There's a famous story about Margaret Atwood meeting a brain surgeon at a party. After some chit-chat, the surgeon announces that he plans to take up writing when he retires. ‘Really?' Atwood supposedly replied. ‘When I retire, I plan on taking up brain surgery.’ "
While I’m no Margaret Atwood, there have certainly been a number of hypothetical brain surgeons making similar proclamations to me. And in learning that I write for children, something that is perceived to be a much more easily attainable objective than, oh, say writing for adults, these brain surgeons imply their own writing success is simply a matter of setting themselves to the task. Writing for children, after all, must be easy.
Ask any room full of people to name a book or a story that has had a profound influence on their life, the memory of which elicits deep connections, and I guarantee a large majority of the answers will include books typically classified as “children’s”. Children’s literature lays a foundation for a lifelong affair with words and story. It damn well better be good. And good is very rarely easy.
Maurice Sendak (Where the Wild Things Are) said, "I never spent less than two years on the text of one of my picture books, even though each of them is approximately 380 words long. Only when the text is finished … do I begin the pictures."
That doesn't sound easy.
So why do I write for children? I write because I have something to say or a story to tell, and sometimes what I write falls best into a category classified as “children’s”.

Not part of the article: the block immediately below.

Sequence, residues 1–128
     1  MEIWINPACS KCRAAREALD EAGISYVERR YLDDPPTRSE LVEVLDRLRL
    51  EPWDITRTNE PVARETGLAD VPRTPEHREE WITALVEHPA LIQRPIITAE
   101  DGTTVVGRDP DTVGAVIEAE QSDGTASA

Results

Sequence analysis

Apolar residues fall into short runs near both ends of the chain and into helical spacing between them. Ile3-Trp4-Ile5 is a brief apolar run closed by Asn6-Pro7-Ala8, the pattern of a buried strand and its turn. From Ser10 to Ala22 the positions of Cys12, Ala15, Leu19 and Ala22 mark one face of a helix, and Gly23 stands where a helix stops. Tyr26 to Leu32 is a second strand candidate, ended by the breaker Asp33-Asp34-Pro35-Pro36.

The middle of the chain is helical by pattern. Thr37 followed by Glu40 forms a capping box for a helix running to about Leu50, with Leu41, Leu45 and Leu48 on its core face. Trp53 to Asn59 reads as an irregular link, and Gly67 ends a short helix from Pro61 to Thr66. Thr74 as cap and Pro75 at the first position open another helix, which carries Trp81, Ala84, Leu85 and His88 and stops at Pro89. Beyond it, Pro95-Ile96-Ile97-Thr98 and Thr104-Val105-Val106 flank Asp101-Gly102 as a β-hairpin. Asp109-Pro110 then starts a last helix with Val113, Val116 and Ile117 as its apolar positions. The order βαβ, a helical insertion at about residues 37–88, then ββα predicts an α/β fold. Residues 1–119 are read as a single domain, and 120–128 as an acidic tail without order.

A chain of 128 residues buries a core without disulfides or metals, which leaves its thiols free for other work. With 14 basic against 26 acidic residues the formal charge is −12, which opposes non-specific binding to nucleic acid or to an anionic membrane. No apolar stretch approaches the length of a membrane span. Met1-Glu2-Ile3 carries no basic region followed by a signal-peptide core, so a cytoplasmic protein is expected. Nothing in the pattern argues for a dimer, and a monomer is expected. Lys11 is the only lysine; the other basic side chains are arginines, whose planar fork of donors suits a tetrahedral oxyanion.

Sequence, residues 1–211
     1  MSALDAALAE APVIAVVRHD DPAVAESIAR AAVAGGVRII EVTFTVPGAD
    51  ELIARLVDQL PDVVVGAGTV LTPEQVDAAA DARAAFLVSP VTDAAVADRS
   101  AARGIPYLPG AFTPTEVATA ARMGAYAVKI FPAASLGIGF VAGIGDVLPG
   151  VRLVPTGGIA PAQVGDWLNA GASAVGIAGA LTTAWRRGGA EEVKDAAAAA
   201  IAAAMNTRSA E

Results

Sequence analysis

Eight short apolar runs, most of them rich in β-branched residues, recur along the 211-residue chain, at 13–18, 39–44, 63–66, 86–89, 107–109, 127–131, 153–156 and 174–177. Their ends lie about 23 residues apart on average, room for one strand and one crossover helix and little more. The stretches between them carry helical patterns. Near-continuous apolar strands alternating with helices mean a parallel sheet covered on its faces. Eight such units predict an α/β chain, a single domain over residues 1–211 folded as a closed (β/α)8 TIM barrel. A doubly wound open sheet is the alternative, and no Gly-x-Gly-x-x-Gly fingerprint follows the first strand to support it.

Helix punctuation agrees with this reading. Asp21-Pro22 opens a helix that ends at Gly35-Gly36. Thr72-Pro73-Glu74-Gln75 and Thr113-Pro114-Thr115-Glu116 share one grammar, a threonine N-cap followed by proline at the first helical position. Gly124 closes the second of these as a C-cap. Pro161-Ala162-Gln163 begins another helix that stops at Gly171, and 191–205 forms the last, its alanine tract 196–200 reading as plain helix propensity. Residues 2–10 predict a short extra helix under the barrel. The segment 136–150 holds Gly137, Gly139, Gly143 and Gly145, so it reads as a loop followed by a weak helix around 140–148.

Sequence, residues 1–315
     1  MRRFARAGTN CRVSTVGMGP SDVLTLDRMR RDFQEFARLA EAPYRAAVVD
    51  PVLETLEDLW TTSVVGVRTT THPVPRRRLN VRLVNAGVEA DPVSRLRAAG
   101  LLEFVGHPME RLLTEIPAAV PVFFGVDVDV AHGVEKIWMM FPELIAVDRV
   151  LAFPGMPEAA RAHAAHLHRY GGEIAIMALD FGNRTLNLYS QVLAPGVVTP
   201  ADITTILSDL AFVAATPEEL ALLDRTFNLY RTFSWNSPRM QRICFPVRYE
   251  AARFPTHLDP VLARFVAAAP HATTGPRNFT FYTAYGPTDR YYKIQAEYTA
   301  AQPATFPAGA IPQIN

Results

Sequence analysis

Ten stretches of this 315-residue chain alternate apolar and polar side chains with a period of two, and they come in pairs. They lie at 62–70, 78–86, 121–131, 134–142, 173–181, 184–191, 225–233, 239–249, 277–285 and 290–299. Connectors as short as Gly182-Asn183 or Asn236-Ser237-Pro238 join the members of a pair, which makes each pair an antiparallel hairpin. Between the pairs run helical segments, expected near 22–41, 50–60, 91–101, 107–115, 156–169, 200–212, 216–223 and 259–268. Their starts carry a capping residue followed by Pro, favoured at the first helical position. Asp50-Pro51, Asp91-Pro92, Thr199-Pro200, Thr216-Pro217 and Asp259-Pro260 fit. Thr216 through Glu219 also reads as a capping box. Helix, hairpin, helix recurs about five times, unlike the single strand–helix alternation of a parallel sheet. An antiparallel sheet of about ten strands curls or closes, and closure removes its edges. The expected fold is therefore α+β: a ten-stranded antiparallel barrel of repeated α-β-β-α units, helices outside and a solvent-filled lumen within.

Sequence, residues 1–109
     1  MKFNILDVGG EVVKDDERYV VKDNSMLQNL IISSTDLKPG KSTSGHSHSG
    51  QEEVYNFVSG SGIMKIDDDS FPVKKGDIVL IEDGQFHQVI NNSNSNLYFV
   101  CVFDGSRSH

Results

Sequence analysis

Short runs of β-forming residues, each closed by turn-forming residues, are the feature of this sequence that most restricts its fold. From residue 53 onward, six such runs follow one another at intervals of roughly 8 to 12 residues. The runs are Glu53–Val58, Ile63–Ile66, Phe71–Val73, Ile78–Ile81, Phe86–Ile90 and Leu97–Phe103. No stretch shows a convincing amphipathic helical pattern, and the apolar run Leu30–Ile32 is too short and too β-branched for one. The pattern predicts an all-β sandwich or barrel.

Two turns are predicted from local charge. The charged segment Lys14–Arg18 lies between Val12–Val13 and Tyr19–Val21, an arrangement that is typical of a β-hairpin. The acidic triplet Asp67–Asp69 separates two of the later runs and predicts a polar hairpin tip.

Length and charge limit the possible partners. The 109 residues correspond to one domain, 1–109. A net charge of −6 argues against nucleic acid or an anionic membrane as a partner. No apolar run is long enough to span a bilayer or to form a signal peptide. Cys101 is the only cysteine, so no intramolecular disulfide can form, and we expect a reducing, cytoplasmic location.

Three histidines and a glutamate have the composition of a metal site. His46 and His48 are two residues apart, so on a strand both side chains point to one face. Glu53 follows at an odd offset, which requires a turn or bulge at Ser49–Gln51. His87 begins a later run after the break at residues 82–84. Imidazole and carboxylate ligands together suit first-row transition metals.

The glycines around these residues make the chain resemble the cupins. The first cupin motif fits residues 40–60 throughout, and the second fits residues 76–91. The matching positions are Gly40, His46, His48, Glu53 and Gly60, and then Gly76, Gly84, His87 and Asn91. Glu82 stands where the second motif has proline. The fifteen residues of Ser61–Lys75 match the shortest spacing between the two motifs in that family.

I have recently heard from several adults who have been profoundly touched by Once Upon a Northern Night. One woman told me she gave the book to her dying sister. Another spoke of reading the inspirational words daily when she was in hospital recovering from surgery. Is it a book for children? Yes. And no.
In the words of CS Lewis, “Where the children’s story is simply the right form for what the author has to say, then of course readers who want to hear that, will read the story or re-read it, at any age… I am almost inclined to set it up as a canon that a children’s story which is enjoyed only by children is a bad children’s story. The good ones last.”
Children’s literature, at least good children’s literature, celebrates simplicity without being simplistic. It is full of rich and delicious language, complex concepts and deep meaningful ideas. It is rife with metaphor and imagery, and a myriad of other literary devices. It engages and entertains. It is valuable. And it is literature.
So to all the brain surgeons setting aside scalpel for pen, I encourage you; creating story for children is rewarding. But don’t for a moment assume that choosing to write in a genre classified as children’s that it will be easy.
Our readers are much too valuable for that.